Tuesday, July 14, 2015

Sad news, writers and gamers... you might test positive for Storium. I'm so sorry.

Hello, I'm Doctor Perry, how are we feeling today?  Good good... let's have a look at your chart here.

Lets see here, vitals look good.  Uh oh.  Symptoms include a history of interest in pen and paper role playing games... that's not conclusive in and of itself, but we should run a few more tests.  Sit back on the table please.

OK, have you ever had an interest in writing, short stories, blogs?  Unfinished book perhaps?

Yes?  Fiction.  Noted.

What about reading, especially fiction?  More than, say, one book a year at least?

Yes?  Noted.

Ok, breathe in and out normally...

Would you say you're imaginative?  Looking for small creative outlets?

Yes, and yes...

Lastly... how are you for a sense of community?

Generally like that sort of thing... ok.

OK, I've got some good news and bad news.  From these answers it looks like you're a strong candidate to contract Storium.  Don't worry... there are lots of people out there living vital and normal lives while dealing with a Storium condition.  You'd probably not even notice, if it weren't for their propensity to talk to people about how awesome their Storium campaigns are.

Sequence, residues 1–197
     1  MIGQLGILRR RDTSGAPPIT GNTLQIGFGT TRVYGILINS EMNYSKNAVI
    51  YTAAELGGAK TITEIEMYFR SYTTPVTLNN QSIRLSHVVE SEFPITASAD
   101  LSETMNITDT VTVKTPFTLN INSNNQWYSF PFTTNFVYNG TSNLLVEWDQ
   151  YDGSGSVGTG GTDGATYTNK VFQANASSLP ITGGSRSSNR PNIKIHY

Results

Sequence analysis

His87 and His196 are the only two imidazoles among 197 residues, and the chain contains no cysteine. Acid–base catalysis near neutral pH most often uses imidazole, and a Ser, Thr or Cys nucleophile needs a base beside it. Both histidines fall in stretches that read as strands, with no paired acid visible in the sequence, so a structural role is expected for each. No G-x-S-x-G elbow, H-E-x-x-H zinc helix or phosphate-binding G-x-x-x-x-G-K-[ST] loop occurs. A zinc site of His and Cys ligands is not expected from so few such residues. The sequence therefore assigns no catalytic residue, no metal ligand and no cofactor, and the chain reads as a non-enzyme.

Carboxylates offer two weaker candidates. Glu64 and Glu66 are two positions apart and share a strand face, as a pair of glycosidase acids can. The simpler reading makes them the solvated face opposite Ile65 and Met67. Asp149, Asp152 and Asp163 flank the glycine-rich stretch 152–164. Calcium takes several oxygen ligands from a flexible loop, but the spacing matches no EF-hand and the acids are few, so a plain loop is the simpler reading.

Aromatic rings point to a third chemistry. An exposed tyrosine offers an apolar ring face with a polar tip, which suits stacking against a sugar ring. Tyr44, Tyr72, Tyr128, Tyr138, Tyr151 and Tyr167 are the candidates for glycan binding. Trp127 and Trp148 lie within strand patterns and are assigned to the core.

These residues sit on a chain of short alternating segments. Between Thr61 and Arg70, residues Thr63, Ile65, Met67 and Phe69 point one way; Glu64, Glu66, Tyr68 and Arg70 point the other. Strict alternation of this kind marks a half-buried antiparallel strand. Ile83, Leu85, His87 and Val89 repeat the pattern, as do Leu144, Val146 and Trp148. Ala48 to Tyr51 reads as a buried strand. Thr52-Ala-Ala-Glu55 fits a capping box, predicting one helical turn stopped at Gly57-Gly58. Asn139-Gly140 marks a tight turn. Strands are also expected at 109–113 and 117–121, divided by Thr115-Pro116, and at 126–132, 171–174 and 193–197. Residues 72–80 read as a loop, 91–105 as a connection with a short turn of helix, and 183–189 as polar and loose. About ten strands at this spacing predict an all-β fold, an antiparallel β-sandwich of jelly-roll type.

But ultimately, all you can do is manage this condition... at present, there's no known cure for Storium or Storium addiction.  You may need to discuss this with your loved ones.

*The above is meant for the purposes of humor only.  For actual advice and to find out if Storium is right for you, seek professional help.  Not valid advice for residents of some states.


SO!  What the hell is Storium?  The best elevator pitch I seem to muster is that Storium is a bit like "Multiplayer story writing, with a dash of pen and paper role playing".

Basically you've got 3-5 people, one acting as Narrator.  The Narrator sets up a scene with a couple challenges in it, and the "players" all have a character who plays an action card from their hand, and then writes the next couple paragraphs of the story, describing what their character is doing exactly.

There are stories being ran for damn near anything you can imagine.  There's traditional D&D type things, sci-fi space opera out the wazoo... but there's also a HUGE array of game that are romance novel settings, humor, Napoleonic era war stories, all female pirate crews, a high school story with completely normal kids, anime, Lost fanfic, even some NSFW intrigue and espionage in a high fashion company like some kind of Ally McBeal meets Fifty Shades PR firm.

You can hit "browse games", then sort by "looking for players" and just flop around among the options available to you.

There are literally games happening in Storium that would be impossible to create in any other known gaming format, and that's tremendously exciting.

I really can't recommend it all enough.

Here's the bottom line... if you enjoy actual pen and paper role playing, the kind that really encourages talking to NPCs and imagining fun interactions beyond casting 'Magic Missile'... and yet you find that you're becoming a real adult with a life and obligations and can't seem to get the old gang together reliably enough to run a role playing game...